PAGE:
A small example:

5 numbers that each cost $1 with payouts of $4 for 1st pick and $2 for 2nd pick. Any ticket has a 1/5 chance of paying $4, a 1/5 chance of paying $2, and a 3/5 chance of paying $0.

.2 * $4 + .2 * $2 + .6 * 0 = $1.2

Buying *all* of the tickets will give you $6 for spending $5, which is a profit of $1.2 per dollar invested. So... what am I missing? It seems like if it was good for you to spend $41 million it was good for you to spend $1. Is it a matter of risk management or something like that? This isn't really my area of expertise.

As expected value ≠ expected utility, it's not the case that you should always buy a ticket if expected value is positive. It's a standard result that people actually treat the utility of wealth roughly logarithmically: i.e. that it's better to have a net worth of $1,000,000,000 than $100,000,000, but not *that much* better compared to how much better $100,000,000 is than $1000 net worth.

To simplify the lottery situation in the case of extreme probabilities and payouts, say that Omega offers a lottery *only to you* (no worries about split jackpots), in which there are exactly 1,000,000 tickets, each costing $1, and among them there is one winning ticket that pays out $2,000,000.

Now if you can scrounge up a million dollars to buy every ticket, you make a tidy $1 million profit (less interest from your backers) with zero risk, so the expected utility is very positive for this strategy.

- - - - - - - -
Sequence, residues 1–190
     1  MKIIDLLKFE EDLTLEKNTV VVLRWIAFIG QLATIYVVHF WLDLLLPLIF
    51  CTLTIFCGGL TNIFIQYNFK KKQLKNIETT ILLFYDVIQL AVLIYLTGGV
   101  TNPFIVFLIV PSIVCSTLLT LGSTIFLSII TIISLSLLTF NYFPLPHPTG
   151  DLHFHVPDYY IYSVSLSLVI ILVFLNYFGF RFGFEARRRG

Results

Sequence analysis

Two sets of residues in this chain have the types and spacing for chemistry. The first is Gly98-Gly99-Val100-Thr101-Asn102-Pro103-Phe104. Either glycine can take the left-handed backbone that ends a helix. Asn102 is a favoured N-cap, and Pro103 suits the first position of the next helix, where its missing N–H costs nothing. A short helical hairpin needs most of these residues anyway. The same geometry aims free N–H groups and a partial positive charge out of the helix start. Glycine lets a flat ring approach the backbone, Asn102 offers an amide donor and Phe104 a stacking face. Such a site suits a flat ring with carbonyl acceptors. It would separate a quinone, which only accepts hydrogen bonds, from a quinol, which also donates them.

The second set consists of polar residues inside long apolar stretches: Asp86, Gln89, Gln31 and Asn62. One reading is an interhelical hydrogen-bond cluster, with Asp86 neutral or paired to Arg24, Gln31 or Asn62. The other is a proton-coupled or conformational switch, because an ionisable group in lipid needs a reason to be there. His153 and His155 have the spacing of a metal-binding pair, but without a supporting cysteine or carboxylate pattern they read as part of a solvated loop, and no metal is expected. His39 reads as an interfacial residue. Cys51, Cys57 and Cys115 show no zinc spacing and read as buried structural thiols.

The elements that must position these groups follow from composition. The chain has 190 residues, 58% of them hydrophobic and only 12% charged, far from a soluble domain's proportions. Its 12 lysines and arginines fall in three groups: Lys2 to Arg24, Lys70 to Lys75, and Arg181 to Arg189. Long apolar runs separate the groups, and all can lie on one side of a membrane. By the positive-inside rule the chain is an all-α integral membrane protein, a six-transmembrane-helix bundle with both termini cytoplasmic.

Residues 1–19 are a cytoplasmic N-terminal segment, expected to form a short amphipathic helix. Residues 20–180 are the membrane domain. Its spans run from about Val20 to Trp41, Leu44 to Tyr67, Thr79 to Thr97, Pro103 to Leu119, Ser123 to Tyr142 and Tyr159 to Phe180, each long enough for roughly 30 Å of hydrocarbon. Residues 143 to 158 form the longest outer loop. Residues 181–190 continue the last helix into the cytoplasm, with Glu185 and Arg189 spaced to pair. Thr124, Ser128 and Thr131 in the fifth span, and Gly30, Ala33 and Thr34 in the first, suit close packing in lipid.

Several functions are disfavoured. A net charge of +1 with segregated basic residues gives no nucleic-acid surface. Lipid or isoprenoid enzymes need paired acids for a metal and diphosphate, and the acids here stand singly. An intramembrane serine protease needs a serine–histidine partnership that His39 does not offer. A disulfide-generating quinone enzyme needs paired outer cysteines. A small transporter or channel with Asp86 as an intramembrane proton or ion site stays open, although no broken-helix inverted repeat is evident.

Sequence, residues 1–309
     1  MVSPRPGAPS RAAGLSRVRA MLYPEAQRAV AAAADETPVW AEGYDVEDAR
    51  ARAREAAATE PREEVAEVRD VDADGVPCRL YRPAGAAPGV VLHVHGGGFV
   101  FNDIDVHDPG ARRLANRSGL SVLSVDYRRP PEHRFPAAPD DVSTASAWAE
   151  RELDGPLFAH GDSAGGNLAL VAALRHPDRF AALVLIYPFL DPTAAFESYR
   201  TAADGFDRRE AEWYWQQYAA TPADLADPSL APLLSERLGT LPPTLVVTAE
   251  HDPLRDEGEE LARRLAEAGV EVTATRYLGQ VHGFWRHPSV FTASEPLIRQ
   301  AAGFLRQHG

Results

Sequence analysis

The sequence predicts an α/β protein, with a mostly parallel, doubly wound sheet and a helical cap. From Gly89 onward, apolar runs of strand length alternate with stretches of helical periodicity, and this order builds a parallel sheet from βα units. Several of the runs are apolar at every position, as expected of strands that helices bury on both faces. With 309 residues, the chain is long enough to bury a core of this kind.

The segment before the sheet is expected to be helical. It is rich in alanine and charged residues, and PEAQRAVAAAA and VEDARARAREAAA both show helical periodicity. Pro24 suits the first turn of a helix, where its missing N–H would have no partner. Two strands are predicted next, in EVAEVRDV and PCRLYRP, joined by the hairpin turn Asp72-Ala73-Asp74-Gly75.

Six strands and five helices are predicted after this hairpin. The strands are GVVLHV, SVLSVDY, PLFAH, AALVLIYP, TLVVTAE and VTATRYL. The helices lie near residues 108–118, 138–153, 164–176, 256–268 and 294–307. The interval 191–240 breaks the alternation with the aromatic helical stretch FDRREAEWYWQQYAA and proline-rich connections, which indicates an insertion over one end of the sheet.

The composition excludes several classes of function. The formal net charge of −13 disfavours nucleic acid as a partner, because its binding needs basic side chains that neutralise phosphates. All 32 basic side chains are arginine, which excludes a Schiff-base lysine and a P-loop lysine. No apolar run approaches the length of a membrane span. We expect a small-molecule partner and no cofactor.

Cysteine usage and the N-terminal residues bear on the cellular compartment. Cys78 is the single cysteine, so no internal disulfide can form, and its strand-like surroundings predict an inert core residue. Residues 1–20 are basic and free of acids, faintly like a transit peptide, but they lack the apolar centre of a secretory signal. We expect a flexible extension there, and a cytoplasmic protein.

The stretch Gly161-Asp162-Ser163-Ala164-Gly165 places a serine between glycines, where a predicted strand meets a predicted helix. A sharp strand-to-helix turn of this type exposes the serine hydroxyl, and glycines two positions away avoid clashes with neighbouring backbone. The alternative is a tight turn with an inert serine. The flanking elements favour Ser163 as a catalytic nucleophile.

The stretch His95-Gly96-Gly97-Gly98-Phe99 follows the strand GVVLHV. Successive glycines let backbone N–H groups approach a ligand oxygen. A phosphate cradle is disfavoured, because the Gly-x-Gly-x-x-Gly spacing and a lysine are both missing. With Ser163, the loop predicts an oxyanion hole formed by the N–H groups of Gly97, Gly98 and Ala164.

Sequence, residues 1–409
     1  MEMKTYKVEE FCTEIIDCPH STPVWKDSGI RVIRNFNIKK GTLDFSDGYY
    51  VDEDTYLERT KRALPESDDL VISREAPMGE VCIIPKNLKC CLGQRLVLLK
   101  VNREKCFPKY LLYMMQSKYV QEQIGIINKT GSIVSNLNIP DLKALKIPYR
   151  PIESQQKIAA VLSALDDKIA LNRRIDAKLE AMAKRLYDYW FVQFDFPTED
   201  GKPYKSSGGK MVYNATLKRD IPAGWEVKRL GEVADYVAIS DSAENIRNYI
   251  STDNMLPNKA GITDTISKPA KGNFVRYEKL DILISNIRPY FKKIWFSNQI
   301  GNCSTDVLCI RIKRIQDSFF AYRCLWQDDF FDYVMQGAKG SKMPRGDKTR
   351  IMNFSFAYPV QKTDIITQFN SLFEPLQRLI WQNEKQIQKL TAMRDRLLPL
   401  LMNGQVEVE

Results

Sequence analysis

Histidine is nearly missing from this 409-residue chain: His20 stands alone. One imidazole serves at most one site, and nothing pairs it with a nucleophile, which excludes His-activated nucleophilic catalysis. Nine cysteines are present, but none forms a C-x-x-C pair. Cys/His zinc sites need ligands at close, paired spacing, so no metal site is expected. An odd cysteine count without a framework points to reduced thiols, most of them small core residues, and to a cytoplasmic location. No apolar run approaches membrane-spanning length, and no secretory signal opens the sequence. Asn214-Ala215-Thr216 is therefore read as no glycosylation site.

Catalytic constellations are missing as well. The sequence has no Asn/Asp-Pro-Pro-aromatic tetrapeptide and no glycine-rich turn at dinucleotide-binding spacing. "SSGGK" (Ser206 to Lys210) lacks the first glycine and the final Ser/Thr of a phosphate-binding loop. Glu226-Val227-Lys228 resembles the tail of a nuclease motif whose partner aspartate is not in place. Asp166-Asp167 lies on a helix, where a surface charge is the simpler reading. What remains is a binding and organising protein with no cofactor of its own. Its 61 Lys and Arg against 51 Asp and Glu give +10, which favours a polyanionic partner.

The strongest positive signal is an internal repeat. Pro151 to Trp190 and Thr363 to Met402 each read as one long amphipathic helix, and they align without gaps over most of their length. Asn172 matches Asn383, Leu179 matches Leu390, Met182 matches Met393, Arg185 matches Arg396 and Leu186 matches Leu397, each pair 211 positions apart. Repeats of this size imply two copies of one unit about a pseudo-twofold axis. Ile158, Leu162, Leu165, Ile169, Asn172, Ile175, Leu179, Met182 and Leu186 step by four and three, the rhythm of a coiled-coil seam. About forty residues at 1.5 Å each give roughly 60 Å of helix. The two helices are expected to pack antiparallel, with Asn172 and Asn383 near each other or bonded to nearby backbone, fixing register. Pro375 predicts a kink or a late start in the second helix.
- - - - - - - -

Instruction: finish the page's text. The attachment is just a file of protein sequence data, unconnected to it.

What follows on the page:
If, however, you can only get $100,000 together, you shouldn't buy any tickets (unless you're a millionaire to start), since the utility to you of a 90% chance of losing $100,000 (and having a pretty crappy life being so far in debt) outweighs the utility of a 10% chance of winning $2 million (and a nice standard of living).

It's a standard result that people actually treat the utility of wealth roughly logarithmically

or is it just a standard assumption? I've never heard anything more precise than declining marginal utility.

Logarithmic u-functions have an uncomfortable requirement that you must be indifferent to your current wealth and a 50-50 shot at doubling or halving it (e.g. doubling or halving every paycheck/payment you get for the rest of your life). Most people I know don't like that deal.